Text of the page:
By TOMMY REZAC
St. Joseph Post
KANSAS CITY - The Kansas City Chiefs are headed back to the AFC Championship.
The Chiefs (15-2) held on to beat the Cleveland Browns, 22-17, on Sunday afternoon at Arrowhead Stadium in an AFC Divisional playoff game.
Kansas City had to lean on backup quarterback Chad Henne after Patrick Mahomes left the game late in the third quarter and underwent concussion protocol.
"(Mahomes) got hit in the back of the head," Chiefs head coach Andy Reid said after. "He's doing great right now, which is a real positive. We'll see where it goes from here. Right now, he's feeling good."
Henne, who started the Week 17 game against the Chargers and saw his first ever playoff action Sunday, completed 6-of-8 passes for 66 yards and an interception, though the Browns couldn't capitalize on the turnover.
"I'm proud of Chad and the way he handled everything," Reid said. "That late interception, that was on me."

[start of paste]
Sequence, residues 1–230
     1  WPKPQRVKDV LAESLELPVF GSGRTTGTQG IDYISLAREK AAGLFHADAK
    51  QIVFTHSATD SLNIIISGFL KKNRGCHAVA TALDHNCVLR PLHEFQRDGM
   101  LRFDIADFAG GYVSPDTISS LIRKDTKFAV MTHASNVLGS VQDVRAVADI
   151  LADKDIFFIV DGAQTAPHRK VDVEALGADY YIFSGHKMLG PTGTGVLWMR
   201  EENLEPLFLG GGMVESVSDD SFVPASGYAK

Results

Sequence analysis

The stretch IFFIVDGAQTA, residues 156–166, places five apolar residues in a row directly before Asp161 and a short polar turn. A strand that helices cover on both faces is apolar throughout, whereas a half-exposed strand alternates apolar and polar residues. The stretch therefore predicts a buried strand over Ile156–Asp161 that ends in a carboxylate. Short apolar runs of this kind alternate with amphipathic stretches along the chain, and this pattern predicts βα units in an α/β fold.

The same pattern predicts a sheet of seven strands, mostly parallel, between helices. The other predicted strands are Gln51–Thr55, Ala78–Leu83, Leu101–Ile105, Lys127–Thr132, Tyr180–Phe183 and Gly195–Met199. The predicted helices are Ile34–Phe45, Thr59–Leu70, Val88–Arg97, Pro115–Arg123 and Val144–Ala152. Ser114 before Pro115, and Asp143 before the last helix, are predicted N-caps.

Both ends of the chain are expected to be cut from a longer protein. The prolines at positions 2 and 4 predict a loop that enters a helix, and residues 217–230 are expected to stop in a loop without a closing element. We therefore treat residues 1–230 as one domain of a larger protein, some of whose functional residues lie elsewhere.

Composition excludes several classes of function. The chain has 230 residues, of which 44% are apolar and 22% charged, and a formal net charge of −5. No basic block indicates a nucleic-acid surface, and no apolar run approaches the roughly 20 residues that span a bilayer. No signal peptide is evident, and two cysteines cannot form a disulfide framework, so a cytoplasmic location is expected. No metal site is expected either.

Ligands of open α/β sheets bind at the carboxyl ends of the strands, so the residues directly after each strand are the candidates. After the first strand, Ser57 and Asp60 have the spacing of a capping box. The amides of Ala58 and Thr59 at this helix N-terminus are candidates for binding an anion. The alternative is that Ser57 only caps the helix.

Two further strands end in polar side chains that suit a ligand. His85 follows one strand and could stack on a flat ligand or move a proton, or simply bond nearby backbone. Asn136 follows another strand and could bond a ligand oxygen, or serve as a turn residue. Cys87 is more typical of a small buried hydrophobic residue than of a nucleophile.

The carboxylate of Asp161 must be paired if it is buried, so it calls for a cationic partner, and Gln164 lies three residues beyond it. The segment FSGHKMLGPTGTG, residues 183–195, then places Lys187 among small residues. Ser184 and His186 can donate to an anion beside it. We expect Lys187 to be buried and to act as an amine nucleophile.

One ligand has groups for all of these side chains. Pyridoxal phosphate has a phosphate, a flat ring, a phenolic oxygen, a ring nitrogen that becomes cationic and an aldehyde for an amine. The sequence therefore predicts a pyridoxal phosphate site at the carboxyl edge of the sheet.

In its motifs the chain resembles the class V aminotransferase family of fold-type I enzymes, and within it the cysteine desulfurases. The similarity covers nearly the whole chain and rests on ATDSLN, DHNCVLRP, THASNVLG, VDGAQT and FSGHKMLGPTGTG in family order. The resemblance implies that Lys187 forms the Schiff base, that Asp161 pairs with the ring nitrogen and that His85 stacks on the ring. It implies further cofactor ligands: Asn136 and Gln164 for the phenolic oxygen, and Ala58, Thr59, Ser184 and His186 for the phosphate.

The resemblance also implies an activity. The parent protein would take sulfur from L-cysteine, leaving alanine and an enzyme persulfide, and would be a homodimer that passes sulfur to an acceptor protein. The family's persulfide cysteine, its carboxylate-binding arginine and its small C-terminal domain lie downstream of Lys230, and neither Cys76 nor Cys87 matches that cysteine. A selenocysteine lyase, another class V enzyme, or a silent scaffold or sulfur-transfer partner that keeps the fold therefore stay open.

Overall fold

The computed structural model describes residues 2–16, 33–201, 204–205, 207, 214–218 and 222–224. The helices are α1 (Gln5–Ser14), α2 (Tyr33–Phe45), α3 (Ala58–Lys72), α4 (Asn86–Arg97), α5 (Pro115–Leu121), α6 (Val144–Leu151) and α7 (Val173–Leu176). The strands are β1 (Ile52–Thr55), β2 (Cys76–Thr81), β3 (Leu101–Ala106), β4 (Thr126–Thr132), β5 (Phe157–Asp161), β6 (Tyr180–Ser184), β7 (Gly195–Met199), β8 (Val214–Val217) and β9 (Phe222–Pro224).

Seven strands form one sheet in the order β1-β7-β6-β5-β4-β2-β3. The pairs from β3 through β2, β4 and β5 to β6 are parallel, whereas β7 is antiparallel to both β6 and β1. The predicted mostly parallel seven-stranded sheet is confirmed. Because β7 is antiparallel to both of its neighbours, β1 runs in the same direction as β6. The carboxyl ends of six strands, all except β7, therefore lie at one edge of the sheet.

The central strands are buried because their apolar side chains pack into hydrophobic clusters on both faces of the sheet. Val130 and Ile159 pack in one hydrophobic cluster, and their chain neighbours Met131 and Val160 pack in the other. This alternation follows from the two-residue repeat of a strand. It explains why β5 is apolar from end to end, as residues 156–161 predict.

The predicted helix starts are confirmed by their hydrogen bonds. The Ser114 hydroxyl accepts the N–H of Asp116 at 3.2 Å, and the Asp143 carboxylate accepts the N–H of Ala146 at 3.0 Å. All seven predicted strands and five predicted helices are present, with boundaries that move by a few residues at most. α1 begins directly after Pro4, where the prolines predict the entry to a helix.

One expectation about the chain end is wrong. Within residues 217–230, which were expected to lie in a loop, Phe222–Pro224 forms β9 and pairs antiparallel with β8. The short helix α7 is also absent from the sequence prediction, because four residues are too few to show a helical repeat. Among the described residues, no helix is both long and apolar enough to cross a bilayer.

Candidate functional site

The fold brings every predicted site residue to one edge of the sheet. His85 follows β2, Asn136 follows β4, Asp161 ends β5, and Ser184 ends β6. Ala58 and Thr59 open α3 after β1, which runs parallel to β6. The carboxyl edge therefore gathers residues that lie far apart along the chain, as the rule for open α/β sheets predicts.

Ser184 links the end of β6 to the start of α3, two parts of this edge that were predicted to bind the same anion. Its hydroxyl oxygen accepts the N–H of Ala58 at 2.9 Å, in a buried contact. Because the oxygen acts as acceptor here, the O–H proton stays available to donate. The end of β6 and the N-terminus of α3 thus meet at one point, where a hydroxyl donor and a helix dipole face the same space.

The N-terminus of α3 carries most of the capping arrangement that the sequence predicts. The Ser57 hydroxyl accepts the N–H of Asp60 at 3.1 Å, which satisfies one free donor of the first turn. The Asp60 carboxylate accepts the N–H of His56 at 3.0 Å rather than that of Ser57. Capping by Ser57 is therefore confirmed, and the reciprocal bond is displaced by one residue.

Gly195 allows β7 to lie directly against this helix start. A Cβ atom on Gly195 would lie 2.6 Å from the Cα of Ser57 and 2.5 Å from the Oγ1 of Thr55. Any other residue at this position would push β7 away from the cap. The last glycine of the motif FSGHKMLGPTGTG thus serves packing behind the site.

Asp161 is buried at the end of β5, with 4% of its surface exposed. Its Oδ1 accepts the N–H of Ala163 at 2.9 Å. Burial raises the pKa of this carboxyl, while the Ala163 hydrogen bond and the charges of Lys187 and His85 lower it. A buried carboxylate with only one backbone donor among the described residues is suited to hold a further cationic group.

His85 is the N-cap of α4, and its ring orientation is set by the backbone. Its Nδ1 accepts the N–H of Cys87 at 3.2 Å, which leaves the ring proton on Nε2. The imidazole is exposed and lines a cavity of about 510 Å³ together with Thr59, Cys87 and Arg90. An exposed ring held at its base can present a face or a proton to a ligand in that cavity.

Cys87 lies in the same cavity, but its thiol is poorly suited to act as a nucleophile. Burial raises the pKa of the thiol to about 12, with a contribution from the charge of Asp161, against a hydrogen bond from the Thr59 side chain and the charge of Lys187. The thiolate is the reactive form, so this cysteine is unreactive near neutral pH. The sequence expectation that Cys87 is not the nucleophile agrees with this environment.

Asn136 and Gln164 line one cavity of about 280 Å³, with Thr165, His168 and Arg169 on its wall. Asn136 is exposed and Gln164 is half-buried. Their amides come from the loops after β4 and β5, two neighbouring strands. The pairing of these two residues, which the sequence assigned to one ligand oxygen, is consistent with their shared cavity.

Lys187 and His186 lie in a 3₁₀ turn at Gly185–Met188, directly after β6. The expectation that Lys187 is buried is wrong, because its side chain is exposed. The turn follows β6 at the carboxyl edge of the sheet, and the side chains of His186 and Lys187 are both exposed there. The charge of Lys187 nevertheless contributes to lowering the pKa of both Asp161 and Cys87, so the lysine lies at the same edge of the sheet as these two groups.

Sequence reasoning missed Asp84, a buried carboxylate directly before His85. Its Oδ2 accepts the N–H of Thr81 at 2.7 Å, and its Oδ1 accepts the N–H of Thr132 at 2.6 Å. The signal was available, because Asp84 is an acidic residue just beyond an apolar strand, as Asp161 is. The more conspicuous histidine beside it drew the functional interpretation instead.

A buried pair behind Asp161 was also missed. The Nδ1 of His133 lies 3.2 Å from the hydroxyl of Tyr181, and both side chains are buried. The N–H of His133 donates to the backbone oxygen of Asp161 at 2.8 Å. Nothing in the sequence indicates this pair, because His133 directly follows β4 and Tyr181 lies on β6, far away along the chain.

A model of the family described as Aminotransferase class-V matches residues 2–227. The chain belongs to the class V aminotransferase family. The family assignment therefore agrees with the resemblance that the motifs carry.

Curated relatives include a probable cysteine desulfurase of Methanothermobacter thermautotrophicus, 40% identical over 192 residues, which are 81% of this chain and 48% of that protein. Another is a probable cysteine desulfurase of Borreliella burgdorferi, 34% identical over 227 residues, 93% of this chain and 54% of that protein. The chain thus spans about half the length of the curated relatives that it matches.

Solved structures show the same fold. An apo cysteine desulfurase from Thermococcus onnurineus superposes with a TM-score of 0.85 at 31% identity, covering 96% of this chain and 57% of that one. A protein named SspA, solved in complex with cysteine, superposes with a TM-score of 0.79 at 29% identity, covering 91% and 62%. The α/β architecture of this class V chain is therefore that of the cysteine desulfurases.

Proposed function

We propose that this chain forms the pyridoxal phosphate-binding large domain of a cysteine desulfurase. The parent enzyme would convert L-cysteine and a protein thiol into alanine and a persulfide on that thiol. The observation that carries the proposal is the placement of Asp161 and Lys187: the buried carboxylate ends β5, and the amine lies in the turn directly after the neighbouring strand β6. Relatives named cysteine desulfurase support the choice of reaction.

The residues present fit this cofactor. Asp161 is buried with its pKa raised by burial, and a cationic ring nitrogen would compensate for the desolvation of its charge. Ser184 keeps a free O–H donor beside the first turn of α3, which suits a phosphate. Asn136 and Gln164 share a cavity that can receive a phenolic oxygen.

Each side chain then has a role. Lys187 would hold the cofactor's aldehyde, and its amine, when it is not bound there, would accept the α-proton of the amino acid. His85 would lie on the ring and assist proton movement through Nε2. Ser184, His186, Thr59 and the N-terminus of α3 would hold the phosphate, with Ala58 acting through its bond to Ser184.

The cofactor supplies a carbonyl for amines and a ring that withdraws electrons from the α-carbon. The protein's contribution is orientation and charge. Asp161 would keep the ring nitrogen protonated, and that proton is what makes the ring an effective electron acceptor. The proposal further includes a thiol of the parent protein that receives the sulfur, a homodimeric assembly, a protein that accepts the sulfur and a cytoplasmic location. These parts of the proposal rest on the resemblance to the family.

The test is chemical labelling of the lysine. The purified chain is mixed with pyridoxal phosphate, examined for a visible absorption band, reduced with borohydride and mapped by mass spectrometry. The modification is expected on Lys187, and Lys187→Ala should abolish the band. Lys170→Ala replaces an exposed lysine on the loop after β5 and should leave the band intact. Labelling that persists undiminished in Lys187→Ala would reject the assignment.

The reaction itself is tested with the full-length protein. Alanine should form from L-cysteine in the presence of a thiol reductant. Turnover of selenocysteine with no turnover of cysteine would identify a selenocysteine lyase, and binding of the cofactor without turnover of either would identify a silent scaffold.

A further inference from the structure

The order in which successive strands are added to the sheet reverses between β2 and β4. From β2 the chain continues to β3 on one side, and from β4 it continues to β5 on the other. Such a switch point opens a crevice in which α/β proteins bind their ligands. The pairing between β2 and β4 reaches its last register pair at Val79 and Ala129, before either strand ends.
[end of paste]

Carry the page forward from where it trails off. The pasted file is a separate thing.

Henne said he had the chance to talk with Mahomes briefly after the game.
"He's in good spirits," Henne said of the starting QB. "Obviously, we'll see (Monday) with all of the testing and everything, but right now, he's in good spirits."
The Chiefs' defense forced a Browns punt with less than five minutes to go. Faced with a 4th down and 1 play inside of two minutes left, Henne completed a swing pass to Tyreek Hill, who got more than enough yards to give the Chiefs a first down. The Browns had no timeouts left to stop the clock.
"There was no doubt," Reid said of the decision to call that play on 4th and short. "I think everyone on our side knew we were going to go for that play. On our sideline, everyone was like, 'let's go. Let's roll.'"
Mahomes ended his day completing 21-of-30 passes for 255 yards and a score. Hill caught eight passes for 110 yards. Tight end Travis Kelce had a big day as well, hauling in eight passes for 109 yards and a score.
The Chiefs will now host the No. 2 seed Buffalo Bills (15-3) in the AFC Championship on Sunday, January 24 at 5:40 p.m., becoming the first franchise in NFL history to host three straight AFC title games.